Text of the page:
Li Huayi, Some Thoughts On Painting

The impact of Chinese painting is quite different from that of Western painting. To my mind, traditional Chinese painting is like something viewed in the moonlight: quiet, meditative, two-dimensional. The Western tradition is like something viewed in the sunlight: bold, bright, three-dimensional. The measure, the essence, of Chinese painting is to be found in landscape; the essence of Western painting is to be found in the human figure, how things relate to people. For more than one thousand years much of Chinese painting has emphasized self-expression through the technique of brush and ink; prior to the last one hundred years, Western painting focused on the painting’s subject, not the technique.

~Li Huayi, from “The Monumental Landscapes of Li Huayi”

Chuck Close On Going Public

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“Contrary to what’s happening with undergraduate and graduate students today — where collectors are buying their work and they’re in shows while they’re still in school — I actually had a number of opportunities to show my work, and I chose not to until 1968. That was a very conscious decision that had to do with the work. I had a very strong belief — I still do — that the act of going public is a very important decision. Everything you do from the point in which you go public is part of the public record and is out there and you cannot get it back. Anything before the time you go public is nobody’s business and you don’t have to talk about it, you don’t have to show it, you’re not responsible, you can destroy it all or whatever. But there is something about that decision, ‘OK, I think I can put my neck on the line for this work and I feel strongly enough about it that I will live with however I feel about it later. This is now part of the public realm.’”

~Chuck Close, from In the Painter’s Studio, by Joe Fig (p36)

Impatience, Mother of Folly

“The abbreviators of works do injury to knowledge and to love, for love of anything is the offspring of knowledge, love being more fervent as knowledge is more certain, and certainty springs from a thorough knowledge of all those parts which united compose the whole…truly it is impatience, mother of folly, which praises brevity.”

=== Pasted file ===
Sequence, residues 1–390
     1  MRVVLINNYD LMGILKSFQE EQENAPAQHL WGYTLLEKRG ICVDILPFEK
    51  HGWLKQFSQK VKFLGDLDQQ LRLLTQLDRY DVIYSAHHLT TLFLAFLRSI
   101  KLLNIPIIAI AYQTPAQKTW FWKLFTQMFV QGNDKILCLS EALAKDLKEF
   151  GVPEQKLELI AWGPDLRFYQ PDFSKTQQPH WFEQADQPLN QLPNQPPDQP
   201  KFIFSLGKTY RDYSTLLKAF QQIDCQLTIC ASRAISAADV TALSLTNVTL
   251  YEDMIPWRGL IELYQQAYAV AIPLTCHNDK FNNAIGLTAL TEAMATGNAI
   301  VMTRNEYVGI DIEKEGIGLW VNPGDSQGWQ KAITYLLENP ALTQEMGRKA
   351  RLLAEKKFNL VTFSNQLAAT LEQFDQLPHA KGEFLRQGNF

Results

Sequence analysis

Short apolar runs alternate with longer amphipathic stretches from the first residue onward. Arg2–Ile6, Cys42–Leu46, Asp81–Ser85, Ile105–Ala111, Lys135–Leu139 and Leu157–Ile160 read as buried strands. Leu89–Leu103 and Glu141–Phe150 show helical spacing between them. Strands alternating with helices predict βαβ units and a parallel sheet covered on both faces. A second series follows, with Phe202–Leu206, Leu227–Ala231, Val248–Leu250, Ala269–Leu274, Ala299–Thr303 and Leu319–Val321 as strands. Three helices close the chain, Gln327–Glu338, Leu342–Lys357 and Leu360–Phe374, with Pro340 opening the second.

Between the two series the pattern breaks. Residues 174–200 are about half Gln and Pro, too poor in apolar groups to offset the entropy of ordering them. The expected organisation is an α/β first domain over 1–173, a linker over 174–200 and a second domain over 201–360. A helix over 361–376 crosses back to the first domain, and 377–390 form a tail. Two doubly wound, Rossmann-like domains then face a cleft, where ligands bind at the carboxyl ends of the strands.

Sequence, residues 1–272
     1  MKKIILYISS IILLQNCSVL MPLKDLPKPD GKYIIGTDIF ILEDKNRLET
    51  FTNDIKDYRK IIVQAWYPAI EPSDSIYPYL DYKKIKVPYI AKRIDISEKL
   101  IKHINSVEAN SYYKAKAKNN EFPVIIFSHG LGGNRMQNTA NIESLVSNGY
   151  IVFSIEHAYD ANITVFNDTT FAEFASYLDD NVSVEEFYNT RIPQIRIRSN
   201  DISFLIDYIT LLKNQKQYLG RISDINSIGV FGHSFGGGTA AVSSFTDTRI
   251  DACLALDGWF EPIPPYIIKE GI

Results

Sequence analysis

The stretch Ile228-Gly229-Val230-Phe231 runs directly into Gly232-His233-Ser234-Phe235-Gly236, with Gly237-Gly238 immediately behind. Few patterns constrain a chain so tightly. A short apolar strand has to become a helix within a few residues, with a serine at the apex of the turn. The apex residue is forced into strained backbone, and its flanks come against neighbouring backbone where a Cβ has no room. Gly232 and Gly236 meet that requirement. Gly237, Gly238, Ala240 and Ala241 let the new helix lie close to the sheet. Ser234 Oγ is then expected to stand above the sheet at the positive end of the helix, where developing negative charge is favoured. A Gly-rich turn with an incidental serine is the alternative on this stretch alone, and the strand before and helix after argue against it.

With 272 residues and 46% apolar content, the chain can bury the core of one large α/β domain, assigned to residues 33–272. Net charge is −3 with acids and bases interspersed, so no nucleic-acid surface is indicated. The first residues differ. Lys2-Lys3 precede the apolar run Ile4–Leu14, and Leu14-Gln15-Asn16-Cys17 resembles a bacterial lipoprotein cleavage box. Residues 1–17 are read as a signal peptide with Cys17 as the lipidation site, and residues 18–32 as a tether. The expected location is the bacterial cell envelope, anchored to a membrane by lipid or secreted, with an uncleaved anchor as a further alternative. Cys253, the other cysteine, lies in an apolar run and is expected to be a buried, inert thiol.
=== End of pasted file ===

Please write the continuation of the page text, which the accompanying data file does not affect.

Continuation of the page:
~Leonardo da Vinci, c.1510

The Interference of Words

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“In prose, the worst thing one can do with words is to surrender to them. When you think of a concrete object, you think wordlessly, and then, if you want to describe the thing you have been visualizing, you probably hunt about till you find the exact words that seem to fit it. When you think of something abstract you are more inclined to use words from the start, and unless you make a conscious effort to prevent it, the existing dialect will come rushing in and do the job for you, at the expense of blurring or even changing your meaning. Probably it is better to put off using words as long as possible and get one’s meaning clear as one can through pictures or sensations.”

~George Orwell “Politics and the English Language,” 1968

The Gift

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“A work of art is a gift, not a commodity. . . . Every modern artist who has chosen to labor with a gift must sooner or later wonder how he or she is to survive in a society dominated by market exchange. And if the fruits of a gift are gifts themselves, how is the artist to nourish himself, spiritually as well as materially, in an age whose values are market values and whose commerce consists almost exclusively in the purchase and sale of commodities?”

~Lewis Hyde, “The Gift”